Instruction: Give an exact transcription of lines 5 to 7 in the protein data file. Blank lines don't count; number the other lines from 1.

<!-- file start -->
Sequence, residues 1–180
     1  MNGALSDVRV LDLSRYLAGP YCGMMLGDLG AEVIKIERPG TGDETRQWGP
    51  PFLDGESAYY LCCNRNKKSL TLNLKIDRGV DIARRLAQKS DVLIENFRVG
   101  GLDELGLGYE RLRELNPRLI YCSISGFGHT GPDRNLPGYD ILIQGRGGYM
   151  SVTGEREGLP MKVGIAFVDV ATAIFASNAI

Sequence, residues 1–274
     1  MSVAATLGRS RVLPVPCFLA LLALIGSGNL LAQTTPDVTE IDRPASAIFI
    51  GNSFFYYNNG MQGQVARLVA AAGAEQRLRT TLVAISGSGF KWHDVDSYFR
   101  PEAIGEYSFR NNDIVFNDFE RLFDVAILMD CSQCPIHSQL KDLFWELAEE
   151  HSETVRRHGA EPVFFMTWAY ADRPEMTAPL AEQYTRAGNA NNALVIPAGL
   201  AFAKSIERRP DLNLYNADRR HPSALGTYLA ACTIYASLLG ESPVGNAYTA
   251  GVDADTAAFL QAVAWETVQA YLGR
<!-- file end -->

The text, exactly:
   151  SVTGEREGLP MKVGIAFVDV ATAIFASNAI

Sequence, residues 1–274
     1  MSVAATLGRS RVLPVPCFLA LLALIGSGNL LAQTTPDVTE IDRPASAIFI